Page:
St. Patrick’s Day symbols and traditions for celebrating this Irish holiday

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St. Patrick’s Day is synonymous with green beer, the shamrock and leprechauns — what’s not to love? But what is the origin of these fun traditions and symbols?

The first St. Patrick’s Day parade was held in New York in 1762. The holiday gained widespread popularity in the 19th century, when the population of Irish immigrants increased dramatically in America. While the holiday does pay homage to St. Patrick, it’s also about celebrating Irish unity and culture, which explains the incorporation of Irish symbols.

The shamrock

Shamrocks, or clovers, are used as St. Patrick’s Day decor to celebrate the day. Originally, the Celts called the shamrock the “seamroy.” The ancient plant symbolized the rebirth of spring. As the English rule began to take over in Ireland, the shamrock became a symbol of Irish heritage. The Irish wore the shamrock to display their pride and their displeasure with the English rule.

MORE: Why do you get pinched if you’re not wearing green on St. Patrick’s Day?

Nowadays, the green leaf is virtually synonymous with St. Patrick’s Day and all that is Irish. The shamrock adorns hats, shirts, streamers and decorations of all sorts to add to the festivities of the day.

St. Patty's elements
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The leprechaun

This little guy has his roots in Irish folklore. The original Irish name for the leprechaun was “lobaircin,” meaning “small-bodied fellow.” In Celtic folklore, these guys were known for their trickery, which they used to protect their well-known treasure. Not only that, but according to legend, if you catch a leprechaun, he will grant you three wishes in exchange for his freedom.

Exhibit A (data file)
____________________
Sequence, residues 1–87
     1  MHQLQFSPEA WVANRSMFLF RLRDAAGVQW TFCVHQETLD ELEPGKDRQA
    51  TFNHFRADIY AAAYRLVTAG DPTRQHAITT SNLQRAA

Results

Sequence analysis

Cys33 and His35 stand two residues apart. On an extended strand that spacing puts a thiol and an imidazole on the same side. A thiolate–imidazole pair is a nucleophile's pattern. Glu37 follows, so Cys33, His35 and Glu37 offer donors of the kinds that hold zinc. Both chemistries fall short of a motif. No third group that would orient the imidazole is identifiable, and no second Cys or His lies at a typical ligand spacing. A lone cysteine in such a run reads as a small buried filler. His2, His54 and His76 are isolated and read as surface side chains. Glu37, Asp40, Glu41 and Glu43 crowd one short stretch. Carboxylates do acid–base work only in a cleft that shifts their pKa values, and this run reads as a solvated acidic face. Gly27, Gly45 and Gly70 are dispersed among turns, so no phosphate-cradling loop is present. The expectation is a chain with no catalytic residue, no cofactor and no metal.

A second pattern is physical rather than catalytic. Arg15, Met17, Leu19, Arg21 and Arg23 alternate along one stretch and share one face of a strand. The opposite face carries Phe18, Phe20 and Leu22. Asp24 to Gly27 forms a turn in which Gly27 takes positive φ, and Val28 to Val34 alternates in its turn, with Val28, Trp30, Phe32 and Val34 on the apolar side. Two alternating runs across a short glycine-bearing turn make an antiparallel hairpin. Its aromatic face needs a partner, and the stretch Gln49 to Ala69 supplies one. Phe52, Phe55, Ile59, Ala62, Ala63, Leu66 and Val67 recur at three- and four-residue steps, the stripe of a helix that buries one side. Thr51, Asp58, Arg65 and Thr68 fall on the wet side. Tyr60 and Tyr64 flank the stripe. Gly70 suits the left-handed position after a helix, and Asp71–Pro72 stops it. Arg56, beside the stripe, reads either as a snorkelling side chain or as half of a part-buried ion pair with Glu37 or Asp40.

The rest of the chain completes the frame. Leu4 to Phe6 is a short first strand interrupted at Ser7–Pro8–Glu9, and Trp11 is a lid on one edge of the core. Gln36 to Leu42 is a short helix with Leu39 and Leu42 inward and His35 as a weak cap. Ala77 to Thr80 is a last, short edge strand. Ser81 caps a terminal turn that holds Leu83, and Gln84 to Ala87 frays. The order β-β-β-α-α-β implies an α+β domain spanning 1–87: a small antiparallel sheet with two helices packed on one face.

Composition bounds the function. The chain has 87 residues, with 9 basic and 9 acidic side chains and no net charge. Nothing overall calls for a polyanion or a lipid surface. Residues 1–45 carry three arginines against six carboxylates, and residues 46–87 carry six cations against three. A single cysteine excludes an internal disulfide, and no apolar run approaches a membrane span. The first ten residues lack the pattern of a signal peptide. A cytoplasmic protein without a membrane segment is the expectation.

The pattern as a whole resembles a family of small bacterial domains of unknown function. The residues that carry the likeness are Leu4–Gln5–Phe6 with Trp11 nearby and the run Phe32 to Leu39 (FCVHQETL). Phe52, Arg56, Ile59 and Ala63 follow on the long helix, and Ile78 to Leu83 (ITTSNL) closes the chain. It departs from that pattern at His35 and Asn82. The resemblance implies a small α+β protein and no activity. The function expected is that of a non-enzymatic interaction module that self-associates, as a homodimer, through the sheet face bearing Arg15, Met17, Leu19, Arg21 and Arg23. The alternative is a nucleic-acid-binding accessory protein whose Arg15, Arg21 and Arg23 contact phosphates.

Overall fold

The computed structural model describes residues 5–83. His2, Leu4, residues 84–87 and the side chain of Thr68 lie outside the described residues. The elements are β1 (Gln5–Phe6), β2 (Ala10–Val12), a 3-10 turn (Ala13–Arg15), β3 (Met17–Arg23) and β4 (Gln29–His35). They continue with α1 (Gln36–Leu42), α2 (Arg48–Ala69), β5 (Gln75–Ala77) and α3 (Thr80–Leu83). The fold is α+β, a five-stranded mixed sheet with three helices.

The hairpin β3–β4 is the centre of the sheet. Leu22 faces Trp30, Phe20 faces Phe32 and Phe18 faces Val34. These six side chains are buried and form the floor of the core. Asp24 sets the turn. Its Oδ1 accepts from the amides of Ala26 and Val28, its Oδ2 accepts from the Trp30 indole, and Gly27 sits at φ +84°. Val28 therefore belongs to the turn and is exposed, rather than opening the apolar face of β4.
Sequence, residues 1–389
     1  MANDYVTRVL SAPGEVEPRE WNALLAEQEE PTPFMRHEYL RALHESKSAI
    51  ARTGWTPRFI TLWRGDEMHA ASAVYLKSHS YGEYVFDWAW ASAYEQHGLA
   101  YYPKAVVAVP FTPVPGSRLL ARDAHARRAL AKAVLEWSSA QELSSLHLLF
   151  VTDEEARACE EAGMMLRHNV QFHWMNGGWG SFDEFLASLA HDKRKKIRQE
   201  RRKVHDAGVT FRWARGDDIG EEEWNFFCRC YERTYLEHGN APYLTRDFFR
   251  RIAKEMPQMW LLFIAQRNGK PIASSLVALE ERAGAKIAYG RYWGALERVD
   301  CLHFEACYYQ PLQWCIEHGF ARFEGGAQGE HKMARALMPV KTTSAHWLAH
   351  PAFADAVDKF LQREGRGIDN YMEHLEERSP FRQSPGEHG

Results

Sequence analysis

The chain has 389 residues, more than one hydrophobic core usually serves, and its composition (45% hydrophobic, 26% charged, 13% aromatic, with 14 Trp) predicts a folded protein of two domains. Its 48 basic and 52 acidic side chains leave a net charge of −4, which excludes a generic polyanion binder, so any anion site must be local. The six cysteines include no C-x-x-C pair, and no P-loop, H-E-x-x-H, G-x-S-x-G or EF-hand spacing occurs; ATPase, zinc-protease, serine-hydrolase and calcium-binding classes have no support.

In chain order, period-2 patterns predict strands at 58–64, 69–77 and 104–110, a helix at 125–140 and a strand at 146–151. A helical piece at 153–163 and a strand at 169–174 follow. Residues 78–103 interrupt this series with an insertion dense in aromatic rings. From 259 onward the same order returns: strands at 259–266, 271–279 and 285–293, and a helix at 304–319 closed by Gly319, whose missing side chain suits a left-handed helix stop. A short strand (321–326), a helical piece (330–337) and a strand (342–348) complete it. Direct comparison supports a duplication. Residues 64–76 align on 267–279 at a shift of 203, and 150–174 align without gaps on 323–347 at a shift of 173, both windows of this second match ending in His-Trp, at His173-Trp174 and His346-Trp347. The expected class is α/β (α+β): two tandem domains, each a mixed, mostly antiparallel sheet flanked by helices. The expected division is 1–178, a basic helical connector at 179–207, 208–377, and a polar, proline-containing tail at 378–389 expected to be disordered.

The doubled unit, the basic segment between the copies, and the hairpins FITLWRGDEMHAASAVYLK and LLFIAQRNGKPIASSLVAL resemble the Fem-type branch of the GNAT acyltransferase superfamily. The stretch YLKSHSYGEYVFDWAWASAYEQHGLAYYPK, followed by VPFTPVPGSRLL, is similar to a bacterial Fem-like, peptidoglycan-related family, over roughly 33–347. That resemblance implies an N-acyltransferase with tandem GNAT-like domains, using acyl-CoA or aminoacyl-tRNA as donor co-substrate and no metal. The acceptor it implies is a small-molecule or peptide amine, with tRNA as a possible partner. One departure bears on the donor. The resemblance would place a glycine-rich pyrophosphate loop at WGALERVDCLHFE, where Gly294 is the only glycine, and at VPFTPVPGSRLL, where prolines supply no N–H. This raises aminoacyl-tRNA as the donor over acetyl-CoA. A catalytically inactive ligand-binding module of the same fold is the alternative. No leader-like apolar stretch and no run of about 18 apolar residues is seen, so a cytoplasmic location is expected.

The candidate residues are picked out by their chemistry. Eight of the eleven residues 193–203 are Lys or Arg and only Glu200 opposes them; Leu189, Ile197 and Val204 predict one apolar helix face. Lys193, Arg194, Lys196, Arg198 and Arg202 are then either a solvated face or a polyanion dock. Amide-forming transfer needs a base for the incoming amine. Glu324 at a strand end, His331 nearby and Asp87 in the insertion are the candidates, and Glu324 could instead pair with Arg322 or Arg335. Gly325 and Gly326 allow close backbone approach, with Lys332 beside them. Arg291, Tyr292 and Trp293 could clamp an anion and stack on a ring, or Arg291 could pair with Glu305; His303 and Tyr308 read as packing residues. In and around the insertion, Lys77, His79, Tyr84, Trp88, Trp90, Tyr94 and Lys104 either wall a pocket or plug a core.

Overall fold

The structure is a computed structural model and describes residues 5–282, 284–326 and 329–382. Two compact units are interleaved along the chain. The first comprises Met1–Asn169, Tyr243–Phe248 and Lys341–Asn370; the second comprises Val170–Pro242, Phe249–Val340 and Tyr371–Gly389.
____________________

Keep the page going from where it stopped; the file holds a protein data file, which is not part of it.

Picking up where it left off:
The leprechaun doesn’t have much to do with St Patrick, but because of its rooted history in Ireland, the leprechaun has become a symbol of the nation and, thus, he became part of the St. Patrick’s Day celebrations honoring Irish unity and culture.

MORE: Who is St. Patrick, and why do we celebrate him?

Corned beef and cabbage

If there’s one Irish dish that we all think of on St. Patrick’s Day, it is undoubtedly corned beef and cabbage. Cabbage, of course, has been known as a typical Irish food since long ago. It is cheap and it’s a common spring vegetable. Corned beef, however, became popular at the turn of the century. The idea came about when Irish immigrants had settled in New York’s Lower East Side and learned of corned beef from their Jewish neighbors. Since this was a less-expensive cut of meat than traditional Irish bacon, corned beef became a popular substitute. Hence, once a year many of us sit down to a steaming hot dish of this tasty meat and veg.


Guinness is a dark Irish stout that is consumed year-round. However, many more pints of the dark Dublin-based ale are downed on St. Patrick’s Day than any other day. More than 13 million pints are had over St. Patrick’s Day alone. Since the style of the beer is Irish and it is made in Ireland, it is perfect for celebrating the day.


St. Patrick’s Day began as a religious holiday in Ireland to celebrate their patron saint. St. Patrick is credited with bringing Christianity to the nation. But over the years the holiday came to be a grand festivity in the United States due to Irish Americans. New York City put on the very first St. Patrick’s Day Parade in 1762. Parades soon became common for the holiday, as they were a great way to demonstrate unity and cultural pride. Marching through town together as one was the perfect way for the Irish to show off and highlight their traditions and culture.